Zoar Village

Written by Dani and Andrew Livelsberger
Photography by Andrew Livelsberger

Zoar village was settled in 1817 by German immigrants looking for religious freedom.  Their community was an experiment in communal living, which lasted until 1898 when it was disbanded.
In the village remains a vast array of the architecture and artifacts from the founding.

Historic Zoar Village Website

Driving into the village, there was ample parking.  Just find one of the marked lots.   

Walking up and down the streets, you get a real sense of history just from the architecture.  Not shy about using color and bold architecture, the historic buildings really stand out.

There is a visitors center as well as a museum.  Definitely take the time to stop in.  Self guided tours cost $8 per person, paid at the visitor center where they will give you a wristband.  Take note that if you are a member of the Ohio History Connection, entry is free!  Just show your membership card at the staff.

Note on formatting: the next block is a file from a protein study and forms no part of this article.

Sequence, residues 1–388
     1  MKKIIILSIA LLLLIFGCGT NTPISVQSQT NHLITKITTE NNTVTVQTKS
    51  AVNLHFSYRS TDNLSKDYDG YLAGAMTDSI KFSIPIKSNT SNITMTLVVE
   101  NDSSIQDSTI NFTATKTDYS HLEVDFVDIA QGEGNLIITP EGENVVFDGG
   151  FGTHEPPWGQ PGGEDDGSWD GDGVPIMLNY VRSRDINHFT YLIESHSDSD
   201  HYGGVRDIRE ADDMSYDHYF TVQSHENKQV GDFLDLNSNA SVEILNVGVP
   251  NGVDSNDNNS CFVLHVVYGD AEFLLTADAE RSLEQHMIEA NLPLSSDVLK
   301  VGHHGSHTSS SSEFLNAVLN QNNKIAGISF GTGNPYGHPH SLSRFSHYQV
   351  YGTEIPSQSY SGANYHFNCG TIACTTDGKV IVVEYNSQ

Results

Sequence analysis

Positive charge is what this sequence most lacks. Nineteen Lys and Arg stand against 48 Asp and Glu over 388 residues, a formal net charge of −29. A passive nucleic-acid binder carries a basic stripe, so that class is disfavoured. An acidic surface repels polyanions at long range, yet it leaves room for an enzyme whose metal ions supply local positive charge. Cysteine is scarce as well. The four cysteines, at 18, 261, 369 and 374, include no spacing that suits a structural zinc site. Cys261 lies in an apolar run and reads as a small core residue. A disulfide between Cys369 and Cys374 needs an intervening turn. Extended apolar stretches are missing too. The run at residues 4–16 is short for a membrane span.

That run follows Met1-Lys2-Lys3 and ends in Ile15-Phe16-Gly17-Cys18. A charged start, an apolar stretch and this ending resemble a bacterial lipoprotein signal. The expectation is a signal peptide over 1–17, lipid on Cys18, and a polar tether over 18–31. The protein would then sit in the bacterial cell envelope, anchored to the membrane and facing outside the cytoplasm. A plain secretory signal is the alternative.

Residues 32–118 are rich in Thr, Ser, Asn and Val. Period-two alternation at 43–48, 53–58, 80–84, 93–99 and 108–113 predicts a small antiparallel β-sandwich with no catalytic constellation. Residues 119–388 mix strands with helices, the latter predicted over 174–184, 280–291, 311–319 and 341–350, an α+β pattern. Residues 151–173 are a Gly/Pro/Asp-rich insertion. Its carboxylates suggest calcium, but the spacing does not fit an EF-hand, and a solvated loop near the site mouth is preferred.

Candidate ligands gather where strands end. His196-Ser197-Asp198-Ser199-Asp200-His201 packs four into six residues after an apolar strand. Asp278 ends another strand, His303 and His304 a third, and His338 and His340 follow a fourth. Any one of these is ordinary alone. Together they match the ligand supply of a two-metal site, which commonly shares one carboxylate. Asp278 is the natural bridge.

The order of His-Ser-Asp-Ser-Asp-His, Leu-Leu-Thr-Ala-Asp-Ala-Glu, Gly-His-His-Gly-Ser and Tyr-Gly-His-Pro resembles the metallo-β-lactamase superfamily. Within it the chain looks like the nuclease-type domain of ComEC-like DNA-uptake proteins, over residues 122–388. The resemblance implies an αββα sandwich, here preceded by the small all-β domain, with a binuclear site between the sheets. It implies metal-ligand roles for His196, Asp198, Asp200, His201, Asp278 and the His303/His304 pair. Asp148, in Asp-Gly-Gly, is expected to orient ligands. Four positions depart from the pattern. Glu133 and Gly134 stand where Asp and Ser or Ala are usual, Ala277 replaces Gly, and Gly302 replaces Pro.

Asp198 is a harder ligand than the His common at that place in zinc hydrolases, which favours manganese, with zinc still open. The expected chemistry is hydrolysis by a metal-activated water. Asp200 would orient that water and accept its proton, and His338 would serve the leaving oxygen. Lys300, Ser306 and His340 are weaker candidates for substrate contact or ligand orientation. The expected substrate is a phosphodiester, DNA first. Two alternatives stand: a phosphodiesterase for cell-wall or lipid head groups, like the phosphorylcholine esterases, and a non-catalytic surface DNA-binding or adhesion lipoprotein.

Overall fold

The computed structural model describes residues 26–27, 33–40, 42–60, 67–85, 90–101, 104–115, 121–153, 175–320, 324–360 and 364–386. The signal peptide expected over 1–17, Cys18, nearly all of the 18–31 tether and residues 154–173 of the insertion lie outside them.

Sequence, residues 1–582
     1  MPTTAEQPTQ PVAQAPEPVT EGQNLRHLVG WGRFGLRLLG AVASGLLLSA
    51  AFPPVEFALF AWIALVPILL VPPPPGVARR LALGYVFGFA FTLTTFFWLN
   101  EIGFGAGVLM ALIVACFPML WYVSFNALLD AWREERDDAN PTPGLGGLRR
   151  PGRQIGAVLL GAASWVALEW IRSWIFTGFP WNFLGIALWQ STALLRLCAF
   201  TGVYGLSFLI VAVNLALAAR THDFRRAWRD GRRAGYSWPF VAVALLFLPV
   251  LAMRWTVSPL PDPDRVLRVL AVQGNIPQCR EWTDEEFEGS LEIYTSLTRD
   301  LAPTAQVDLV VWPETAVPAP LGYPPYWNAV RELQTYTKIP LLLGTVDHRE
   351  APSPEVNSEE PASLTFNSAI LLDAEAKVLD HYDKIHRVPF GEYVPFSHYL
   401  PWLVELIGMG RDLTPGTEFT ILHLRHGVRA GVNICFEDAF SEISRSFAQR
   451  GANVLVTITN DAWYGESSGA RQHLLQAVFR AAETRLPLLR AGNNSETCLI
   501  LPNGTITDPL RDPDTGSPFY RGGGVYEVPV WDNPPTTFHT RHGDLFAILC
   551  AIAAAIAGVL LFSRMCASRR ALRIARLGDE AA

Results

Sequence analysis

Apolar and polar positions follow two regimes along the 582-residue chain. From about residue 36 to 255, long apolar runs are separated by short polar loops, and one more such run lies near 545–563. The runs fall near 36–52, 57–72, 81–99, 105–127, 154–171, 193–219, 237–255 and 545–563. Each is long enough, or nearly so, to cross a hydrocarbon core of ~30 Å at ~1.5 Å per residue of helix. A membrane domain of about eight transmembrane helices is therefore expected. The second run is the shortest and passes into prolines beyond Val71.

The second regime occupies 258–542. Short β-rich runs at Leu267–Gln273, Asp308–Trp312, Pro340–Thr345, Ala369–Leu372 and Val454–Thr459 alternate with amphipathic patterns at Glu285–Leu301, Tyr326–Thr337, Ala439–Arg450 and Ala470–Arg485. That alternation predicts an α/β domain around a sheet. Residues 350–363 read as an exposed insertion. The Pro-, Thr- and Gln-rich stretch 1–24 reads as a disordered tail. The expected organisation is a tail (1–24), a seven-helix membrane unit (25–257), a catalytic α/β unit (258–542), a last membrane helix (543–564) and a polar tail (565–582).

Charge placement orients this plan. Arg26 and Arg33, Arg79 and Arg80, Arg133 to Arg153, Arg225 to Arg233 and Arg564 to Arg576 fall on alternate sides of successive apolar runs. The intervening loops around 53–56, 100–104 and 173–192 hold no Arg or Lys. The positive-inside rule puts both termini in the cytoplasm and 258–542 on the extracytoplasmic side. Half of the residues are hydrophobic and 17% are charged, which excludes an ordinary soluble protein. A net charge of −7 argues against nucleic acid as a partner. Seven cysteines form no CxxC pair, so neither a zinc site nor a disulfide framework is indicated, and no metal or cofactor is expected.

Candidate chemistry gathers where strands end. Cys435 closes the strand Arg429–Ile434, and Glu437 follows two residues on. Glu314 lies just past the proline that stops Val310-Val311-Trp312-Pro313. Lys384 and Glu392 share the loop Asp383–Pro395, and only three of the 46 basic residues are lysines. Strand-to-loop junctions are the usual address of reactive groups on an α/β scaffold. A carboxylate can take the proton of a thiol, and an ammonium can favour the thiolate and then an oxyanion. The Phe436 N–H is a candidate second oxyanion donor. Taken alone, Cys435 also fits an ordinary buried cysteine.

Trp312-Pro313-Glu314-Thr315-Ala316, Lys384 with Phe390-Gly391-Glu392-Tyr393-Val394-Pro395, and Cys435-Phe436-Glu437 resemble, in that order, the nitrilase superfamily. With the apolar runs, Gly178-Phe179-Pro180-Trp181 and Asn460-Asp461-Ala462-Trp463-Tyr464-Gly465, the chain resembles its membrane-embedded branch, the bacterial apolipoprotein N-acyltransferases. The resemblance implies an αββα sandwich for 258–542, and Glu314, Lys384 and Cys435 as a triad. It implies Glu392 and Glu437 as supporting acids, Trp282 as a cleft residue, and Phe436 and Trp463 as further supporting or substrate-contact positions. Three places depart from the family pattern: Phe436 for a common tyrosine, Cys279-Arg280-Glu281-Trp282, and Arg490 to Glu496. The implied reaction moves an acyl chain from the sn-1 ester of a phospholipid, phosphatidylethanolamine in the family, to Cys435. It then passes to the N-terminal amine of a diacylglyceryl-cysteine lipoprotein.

In the visitor center, you’ll get a map of the town.   Everything is worth your time to visit!  One of the great things about Zoar is the staff.  Every place we went, there was a docent, dressed in period appropriate clothing and expertly knowledgeable about the location.  Our favorites were house #1,the museum and the blacksmith shop.

Even given the unpredictable rainy weather, the visit was excellent.   We were going to visit the gardens, but there was a wedding that day.  By the time we got there, the wedding was already in process, so we didn’t want to disturb them!

Check out the images below to get an idea of what awaits you!

A German language bible inscribed with the year 1817, thought to have been brought over from Germany.

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